Quick guide to sorghum nutrition this summer
This quick guide to sorghum nutrition is designed to be read before it rains, because when the rain comes, nothing is going to stand between growers and their planters! But getting these few things right before the planting rush might help avoid some costly mistakes and set the crop on the right path to success.
If a paddock has been earmarked for sorghum, arrange soil testing to check on the nutrients available in the soil, particularly nitrogen. Segmented sampling to depths of 0-10 cm, 10-30 cm, 30-60 cm and 60-90 cm will provide data on both the amount and location of nutrients in the profile for the upcoming crop. The Nutrient Advantage® laboratory is available to help growers and their advisers with soil testing ahead of the summer cropping season.
Following the long dry period, it is advisable to check for any soil structural problems. Drier conditions can also exacerbate subsoil constraints like chloride or salinity. These can increase in concentration when rainfall is sparse, then return to lower levels once better seasons return.
While sorghum is relatively tolerant to salinity compared with crops like maize or mungbeans, high concentrations of salts can still cause setbacks in germination or poor growth due to lower water availability. High chloride levels in soil and irrigation water supplies can cause similar problems.
Sodicity can also impede root development and plant uptake of nutrients and water. While sorghum is semi-tolerant, sodicity can still reduce seedling emergence, soil drainage, nutrient availability and soil aeration. It is better to know before you sow, especially where paddocks do not have the luxury of stubble cover. On sodic soils with no stubble, the surface will seal more readily.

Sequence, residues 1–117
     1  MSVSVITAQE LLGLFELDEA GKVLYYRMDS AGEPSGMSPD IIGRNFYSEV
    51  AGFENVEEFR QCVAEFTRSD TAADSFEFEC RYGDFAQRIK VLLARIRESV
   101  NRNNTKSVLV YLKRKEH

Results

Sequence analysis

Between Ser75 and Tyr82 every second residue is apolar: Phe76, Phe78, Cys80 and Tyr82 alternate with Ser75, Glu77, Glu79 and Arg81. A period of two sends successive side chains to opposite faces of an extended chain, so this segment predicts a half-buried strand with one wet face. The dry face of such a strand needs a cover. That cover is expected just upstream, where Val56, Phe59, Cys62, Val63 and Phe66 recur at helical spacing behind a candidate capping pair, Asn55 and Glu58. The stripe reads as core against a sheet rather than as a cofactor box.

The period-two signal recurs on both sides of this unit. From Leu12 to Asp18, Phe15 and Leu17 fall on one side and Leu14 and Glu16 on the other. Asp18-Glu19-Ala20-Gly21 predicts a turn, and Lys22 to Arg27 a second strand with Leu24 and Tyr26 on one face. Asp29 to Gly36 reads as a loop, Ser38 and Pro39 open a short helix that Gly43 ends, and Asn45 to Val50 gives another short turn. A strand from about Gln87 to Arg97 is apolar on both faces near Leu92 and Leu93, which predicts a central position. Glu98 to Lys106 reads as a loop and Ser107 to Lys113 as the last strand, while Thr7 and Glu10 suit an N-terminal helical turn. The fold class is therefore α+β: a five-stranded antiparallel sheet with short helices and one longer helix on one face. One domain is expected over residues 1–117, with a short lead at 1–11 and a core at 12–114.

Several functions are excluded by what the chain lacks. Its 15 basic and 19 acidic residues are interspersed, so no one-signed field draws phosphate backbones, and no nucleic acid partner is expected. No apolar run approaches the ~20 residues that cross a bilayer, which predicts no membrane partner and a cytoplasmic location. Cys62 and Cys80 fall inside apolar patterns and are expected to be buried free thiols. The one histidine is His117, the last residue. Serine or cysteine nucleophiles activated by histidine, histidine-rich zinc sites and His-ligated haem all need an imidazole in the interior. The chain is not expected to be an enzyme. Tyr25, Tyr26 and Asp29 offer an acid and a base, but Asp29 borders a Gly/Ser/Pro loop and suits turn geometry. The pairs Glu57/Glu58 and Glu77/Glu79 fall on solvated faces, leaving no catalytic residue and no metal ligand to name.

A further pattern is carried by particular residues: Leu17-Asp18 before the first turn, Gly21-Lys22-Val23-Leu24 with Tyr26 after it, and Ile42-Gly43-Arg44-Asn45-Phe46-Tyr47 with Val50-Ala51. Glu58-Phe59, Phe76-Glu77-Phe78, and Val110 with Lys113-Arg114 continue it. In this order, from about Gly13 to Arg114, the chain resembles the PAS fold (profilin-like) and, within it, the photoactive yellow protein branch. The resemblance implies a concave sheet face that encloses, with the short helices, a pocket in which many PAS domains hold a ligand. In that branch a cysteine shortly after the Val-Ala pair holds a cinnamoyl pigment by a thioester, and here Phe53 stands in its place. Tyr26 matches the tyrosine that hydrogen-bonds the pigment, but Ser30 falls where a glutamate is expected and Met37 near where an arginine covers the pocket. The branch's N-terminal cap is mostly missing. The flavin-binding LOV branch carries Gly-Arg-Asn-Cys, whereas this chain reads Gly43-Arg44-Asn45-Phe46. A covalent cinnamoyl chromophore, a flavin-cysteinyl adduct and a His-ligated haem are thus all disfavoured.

A 5 t/ha grain sorghum crop will require around 190 kg/ha of nitrogen. Where fertilisers are needed to supplement soil nitrogen reserves, it is advisable to apply the majority of this nitrogen up front, either just prior to planting or much earlier in the fallow when the profile is drier. This allows time for the applied nitrogen to move to the active root zone where it can be best used by the sorghum crop. Urea or BIG N® should be drilled in a row at least 10 cm below and 10 cm to the side of the intended planting line.
Ensuring a good early nitrogen supply for crops by pre-applying nitrogen puts growers in the best position to capitalise on the season. Nitrogen is a flexible nutrient which can be effectively applied right up until 5-8 leaf stage, but it can be impractical and uneconomic to sidedress, topdress or foliar spray the majority of the nitrogen later in the season due to the large quantities required and the short time frame available. It’s no good being caught short if the season turns wet and the paddocks aren’t accessible. The nitrogen might also stay at the surface, away from the active root zone, in cases of lower in-season rainfall.